• Methods

    Presence of Common Scales: Older Adult Financial Exploitation Measure (OAFEM); Instrumental Activities of Daily Living Scale (IADLS); 12-Item Short Form Health Survey (SF-12); Center for Epidemiologic Studies' Depression Scale (CESD); Social Network Index (SNI); Social Participation; Interpersonal Support Evaluation List (ISEL); UCLA Isolation Scale; Numeracy; Financial Literacy ; Montreal Cognitive Assessment (MoCA); MacArthur Competence Assessment Tool for Clinical Research (MacCAT-CR); Gudjonsson Suggestibility Scale (GSS); Mini-Mental State Examination (MMSE); Trail Making Tests A and B; Stroop Task; Wide Range Achievement Test (WRAT); The PI was unable to provide the data collection instruments due to copyright issues. Full citations for each instrument used by the project are available in the accompanying documentation. In addition, several Likert-type scales were used.
  • Methods

    Response Rates: Not applicable
  • Abstract


    • DS1: Dataset
Temporal Coverage
  • Time period: 2014-01-01--2015-12-31
  • 2014-01-01 / 2015-12-31
  • Collection date: 2014-01-01--2015-12-31
  • 2014-01-01 / 2015-12-31
Geographic Coverage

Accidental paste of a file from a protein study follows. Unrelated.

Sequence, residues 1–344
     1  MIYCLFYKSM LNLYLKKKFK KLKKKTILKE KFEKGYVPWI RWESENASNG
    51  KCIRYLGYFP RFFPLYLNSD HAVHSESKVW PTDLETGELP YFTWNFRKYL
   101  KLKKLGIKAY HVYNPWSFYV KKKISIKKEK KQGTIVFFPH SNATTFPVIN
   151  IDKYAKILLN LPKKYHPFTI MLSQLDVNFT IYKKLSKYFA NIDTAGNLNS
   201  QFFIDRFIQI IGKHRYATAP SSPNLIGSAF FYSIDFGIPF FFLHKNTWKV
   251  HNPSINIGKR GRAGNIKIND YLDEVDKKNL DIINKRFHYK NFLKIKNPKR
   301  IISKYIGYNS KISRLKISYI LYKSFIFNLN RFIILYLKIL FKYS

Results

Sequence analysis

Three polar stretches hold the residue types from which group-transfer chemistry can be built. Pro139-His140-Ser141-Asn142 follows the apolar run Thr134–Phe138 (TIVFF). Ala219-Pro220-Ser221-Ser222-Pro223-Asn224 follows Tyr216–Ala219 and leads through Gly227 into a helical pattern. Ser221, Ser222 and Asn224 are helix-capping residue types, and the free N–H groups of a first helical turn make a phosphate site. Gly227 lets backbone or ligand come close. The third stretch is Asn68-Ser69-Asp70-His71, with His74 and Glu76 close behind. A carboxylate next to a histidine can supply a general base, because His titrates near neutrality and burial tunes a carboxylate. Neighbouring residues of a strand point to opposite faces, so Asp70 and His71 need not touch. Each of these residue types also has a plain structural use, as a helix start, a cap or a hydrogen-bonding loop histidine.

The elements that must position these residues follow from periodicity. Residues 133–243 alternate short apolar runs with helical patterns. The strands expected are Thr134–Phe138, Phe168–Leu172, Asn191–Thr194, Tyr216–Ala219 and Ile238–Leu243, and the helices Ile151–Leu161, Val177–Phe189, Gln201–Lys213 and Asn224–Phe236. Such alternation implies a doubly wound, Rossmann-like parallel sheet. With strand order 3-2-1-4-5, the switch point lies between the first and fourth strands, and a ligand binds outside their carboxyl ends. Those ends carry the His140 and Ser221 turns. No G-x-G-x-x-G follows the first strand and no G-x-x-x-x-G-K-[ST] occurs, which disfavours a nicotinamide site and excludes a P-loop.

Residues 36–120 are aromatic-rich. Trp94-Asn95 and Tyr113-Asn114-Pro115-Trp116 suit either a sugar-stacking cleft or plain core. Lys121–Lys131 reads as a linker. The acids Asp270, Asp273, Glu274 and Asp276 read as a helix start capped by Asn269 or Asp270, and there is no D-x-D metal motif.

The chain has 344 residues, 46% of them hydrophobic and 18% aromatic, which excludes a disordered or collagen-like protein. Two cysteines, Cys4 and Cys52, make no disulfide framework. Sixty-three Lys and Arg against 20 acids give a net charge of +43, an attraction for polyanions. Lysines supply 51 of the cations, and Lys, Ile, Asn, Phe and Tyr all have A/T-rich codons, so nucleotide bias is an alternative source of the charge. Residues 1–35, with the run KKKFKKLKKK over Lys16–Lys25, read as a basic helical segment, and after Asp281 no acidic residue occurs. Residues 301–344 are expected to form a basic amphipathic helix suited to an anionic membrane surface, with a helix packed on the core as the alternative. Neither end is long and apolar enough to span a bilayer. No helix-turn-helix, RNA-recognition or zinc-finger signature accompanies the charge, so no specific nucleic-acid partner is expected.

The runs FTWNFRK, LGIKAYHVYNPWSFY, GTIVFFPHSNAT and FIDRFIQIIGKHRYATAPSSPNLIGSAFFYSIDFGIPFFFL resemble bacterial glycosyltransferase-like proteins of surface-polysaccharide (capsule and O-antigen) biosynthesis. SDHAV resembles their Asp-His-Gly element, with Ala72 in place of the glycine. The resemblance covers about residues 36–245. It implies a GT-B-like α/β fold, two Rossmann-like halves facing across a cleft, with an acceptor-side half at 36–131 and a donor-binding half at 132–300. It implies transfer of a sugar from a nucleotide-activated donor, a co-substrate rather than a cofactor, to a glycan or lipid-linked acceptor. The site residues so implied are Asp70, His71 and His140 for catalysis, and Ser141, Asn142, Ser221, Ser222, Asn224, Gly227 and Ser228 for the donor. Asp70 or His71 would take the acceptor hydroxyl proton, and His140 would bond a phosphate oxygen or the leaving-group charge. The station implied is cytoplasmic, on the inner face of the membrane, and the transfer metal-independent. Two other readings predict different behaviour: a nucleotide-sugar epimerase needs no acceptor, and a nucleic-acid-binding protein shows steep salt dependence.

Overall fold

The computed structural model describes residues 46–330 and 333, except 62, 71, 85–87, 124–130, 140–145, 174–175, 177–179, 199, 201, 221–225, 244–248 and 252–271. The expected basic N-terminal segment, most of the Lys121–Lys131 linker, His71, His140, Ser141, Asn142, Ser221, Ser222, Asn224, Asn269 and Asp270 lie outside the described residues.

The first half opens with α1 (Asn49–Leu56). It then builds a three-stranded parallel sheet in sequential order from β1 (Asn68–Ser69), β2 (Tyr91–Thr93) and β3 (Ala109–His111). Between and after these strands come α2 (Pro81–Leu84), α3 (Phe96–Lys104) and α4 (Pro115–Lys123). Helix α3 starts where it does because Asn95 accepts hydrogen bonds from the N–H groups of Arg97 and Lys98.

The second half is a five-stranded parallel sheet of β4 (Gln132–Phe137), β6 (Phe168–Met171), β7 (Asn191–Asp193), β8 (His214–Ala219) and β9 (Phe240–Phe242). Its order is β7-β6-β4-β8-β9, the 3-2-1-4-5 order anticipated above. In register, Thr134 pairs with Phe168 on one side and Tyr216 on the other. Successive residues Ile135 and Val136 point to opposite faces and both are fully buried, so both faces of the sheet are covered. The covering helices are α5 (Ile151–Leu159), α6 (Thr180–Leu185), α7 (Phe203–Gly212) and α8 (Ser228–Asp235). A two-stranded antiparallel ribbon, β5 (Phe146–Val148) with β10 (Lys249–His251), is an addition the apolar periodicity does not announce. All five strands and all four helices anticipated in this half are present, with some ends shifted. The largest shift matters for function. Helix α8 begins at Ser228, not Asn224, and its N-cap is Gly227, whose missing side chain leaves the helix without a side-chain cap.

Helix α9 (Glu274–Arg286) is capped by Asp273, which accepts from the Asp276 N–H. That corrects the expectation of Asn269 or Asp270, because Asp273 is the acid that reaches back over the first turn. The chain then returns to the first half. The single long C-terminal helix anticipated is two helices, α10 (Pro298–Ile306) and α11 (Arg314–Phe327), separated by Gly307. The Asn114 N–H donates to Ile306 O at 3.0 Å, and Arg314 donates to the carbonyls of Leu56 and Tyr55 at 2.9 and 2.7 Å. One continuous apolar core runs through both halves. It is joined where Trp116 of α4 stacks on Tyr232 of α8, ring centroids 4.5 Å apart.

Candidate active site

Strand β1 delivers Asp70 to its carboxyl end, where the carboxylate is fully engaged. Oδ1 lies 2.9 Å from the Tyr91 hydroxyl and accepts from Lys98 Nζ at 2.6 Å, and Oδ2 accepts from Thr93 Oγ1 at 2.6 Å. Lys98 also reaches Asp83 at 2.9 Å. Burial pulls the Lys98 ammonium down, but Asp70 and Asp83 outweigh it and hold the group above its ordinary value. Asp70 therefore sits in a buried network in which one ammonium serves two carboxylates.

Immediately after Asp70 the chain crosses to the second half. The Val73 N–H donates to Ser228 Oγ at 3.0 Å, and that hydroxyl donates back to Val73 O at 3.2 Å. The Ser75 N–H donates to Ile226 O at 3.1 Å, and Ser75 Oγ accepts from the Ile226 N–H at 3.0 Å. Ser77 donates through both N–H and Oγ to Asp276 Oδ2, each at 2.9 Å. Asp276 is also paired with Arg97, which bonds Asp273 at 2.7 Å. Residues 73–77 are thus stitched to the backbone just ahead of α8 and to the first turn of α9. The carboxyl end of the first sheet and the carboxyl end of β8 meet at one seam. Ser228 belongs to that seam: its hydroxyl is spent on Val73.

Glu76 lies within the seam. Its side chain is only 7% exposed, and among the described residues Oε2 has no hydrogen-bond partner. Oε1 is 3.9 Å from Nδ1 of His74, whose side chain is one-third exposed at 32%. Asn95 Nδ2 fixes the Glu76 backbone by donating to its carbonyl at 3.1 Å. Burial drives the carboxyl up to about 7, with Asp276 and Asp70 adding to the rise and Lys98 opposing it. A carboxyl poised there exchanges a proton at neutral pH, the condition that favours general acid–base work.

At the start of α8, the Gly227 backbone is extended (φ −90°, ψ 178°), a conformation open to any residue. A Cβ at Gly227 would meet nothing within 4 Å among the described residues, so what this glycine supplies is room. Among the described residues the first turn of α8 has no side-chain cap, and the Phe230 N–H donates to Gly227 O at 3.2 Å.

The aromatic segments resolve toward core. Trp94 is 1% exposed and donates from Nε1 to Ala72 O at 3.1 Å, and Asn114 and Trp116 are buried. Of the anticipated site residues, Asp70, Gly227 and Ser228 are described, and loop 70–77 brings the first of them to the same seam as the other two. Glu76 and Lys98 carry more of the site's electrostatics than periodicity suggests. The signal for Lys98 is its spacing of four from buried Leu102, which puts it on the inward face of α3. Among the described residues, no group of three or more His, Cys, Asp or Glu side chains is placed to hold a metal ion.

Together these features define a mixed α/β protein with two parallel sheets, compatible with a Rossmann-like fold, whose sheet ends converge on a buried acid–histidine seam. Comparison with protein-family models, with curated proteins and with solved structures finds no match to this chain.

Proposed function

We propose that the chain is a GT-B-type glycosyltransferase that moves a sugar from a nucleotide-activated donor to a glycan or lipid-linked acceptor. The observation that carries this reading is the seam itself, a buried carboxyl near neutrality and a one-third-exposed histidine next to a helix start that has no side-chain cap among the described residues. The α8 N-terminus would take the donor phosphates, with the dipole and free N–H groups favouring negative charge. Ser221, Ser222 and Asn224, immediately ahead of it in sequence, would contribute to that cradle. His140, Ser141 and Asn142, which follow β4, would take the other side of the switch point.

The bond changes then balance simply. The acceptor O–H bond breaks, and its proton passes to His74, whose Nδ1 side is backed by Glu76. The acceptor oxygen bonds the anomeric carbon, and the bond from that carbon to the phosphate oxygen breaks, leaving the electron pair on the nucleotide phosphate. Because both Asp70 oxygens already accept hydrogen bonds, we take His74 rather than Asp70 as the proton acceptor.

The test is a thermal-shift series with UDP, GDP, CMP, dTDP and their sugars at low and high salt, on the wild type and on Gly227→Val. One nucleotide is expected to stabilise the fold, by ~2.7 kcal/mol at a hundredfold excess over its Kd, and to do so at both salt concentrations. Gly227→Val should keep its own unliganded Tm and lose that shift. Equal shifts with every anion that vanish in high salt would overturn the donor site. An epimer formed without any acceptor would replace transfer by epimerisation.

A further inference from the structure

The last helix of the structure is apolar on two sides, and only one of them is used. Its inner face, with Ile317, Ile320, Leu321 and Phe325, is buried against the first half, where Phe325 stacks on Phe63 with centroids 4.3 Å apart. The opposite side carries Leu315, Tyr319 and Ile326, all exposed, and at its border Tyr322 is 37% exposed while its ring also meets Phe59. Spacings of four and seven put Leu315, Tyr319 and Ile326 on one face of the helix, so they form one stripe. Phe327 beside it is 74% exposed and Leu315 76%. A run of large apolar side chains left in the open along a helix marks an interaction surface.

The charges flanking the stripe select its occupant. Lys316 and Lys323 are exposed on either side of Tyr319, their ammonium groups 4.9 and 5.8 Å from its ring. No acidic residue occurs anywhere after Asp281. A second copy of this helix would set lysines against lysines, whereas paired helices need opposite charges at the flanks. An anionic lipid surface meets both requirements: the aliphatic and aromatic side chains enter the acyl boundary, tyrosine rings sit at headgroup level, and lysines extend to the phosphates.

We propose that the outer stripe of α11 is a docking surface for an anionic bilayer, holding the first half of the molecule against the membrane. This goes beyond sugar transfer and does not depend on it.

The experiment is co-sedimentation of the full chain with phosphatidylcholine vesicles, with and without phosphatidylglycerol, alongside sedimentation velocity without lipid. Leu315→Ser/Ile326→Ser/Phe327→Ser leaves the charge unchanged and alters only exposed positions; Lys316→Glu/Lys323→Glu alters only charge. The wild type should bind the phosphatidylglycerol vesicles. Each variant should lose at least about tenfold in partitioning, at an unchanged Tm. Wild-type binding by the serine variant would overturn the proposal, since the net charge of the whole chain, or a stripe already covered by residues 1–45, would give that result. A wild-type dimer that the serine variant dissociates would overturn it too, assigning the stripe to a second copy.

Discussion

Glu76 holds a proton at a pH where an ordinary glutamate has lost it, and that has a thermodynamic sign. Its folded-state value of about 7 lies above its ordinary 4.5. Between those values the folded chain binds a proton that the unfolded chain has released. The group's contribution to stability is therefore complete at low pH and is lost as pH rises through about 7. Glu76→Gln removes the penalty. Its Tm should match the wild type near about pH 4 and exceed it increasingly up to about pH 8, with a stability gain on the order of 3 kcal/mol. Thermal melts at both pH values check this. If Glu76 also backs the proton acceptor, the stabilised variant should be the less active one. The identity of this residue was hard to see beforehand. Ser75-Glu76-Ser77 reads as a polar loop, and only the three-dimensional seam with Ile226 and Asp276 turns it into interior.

• Los Angeles
  • United States
Sampled Universe
Individuals age 65-90 from the areas surrounding the California cities of Claremont, Pasadena, Montclair, La Verne, and Torrance. Smallest Geographic Unit: None
Respondents were recruited from the Greater Los Angeles Area via an existing participant pool, or with flyers distributed to senior centers and retirement communities.
Collection Mode
  • cognitive assessment test
  • face-to-face interview
  • on-site questionnaire
Funding insitution(s): United States Department of Justice. Office of Justice Programs. National Institute of Justice (2013-IJ-CX-0026).
One or more files in this study are not available for download due to special restrictions; consult the study documentation to learn more on how to obtain the data.
Alternative Identifiers
  • 36415 (Type: ICPSR Study Number)

Update Metadata: 2018-01-05 | Issue Number: 2 | Registration Date: 2018-01-05